Having an infant at Christmastime was something that immensely impacted my perspective of the holiday. My eldest daughter was six months old during that December, when I truly grasped the significance of the incarnation. Suddenly, it was clear that the festivities and lights and celebrations and gifts are because Jesus, the infinite Creator God, the second Person of the eternal Trinity, became flesh and blood.

Jesus was a tiny, helpless baby just like my sweet, precious baby.

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A few months ago, at the National Conference of Christian Apologetics in Charlotte, North Carolina, Michael Licona and Richard Howe discussed the issue of Biblical Inerrancy for about two hours. The event was moderated by Frank Turek. More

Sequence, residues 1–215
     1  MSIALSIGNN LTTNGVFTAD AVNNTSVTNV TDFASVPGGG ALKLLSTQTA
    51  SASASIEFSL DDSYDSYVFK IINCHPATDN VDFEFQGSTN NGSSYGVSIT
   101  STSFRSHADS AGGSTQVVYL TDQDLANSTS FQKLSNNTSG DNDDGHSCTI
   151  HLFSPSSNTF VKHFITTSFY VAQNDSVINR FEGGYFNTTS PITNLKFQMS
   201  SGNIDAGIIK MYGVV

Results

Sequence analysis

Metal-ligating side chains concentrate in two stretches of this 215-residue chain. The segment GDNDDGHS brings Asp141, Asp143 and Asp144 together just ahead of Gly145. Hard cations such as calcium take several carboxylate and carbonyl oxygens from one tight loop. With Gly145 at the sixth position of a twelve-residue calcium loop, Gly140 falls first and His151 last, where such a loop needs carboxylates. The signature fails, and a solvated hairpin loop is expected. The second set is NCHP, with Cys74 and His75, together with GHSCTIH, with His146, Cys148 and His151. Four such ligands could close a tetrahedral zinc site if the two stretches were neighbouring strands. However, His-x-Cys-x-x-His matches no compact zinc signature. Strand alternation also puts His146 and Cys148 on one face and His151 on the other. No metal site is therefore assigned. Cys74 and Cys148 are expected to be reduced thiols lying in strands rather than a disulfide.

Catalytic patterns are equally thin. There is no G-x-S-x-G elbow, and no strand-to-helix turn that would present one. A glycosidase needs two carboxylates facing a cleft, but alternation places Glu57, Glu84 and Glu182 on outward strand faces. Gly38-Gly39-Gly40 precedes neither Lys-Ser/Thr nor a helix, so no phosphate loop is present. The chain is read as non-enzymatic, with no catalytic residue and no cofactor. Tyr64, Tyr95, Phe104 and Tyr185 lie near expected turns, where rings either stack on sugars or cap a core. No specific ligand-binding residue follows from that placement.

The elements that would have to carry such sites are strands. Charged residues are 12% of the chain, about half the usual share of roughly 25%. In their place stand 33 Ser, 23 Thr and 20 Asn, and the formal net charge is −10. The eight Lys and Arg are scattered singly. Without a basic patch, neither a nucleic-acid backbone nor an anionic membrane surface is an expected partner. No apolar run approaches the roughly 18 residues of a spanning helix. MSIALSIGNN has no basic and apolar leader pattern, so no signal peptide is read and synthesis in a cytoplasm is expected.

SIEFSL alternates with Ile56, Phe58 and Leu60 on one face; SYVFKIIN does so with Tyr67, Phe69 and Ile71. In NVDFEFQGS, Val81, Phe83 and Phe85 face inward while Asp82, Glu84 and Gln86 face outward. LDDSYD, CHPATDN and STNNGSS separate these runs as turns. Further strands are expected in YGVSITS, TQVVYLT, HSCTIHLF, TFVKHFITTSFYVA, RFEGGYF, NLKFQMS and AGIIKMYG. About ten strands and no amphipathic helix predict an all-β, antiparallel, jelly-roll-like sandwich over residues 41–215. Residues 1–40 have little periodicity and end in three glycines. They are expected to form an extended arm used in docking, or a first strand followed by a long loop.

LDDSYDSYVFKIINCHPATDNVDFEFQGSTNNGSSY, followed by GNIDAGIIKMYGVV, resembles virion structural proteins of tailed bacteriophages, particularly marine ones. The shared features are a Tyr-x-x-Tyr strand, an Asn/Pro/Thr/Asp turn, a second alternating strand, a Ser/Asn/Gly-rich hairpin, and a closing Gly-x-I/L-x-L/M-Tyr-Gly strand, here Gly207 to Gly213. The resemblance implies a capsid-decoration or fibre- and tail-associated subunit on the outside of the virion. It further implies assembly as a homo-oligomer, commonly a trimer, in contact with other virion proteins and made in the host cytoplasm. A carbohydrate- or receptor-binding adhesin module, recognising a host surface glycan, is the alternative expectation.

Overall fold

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Another fruitless search for good news today but we have plenty to say about our bad and crazy martini! Join Jim and Greg as they react to Rep. Alexandria Ocasio-Cortez openly cheering on anti-Semitic, America-hating Jeremy Corbyn to be the next prime minister in the United Kingdom. They fume as Rep. Rashida Tlaib falsely assumes […]

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Advent and Christmas Greetings, Ricochet! Outside life has been – and continues to be – leavened and enriched with family, prayer life, volunteer involvements of several kinds, and a periodic convivial connection. Thought I’d stop by for some cookies and punch – and opine a bit in my own way about a seasonal pet-peeve: The […]

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On December 8, according to the Church calendar, we celebrate the Solemnity of the Immaculate Conception. And on December 8, 1854, in his Apostolic Constitution Ineffabilis Deus, Pope Pius IX proclaimed: We declare, pronounce, and define that the doctrine which holds that the most Blessed Virgin Mary, in the first instance of her conception, by […]

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Contributor Post Created with Sketch. Member Post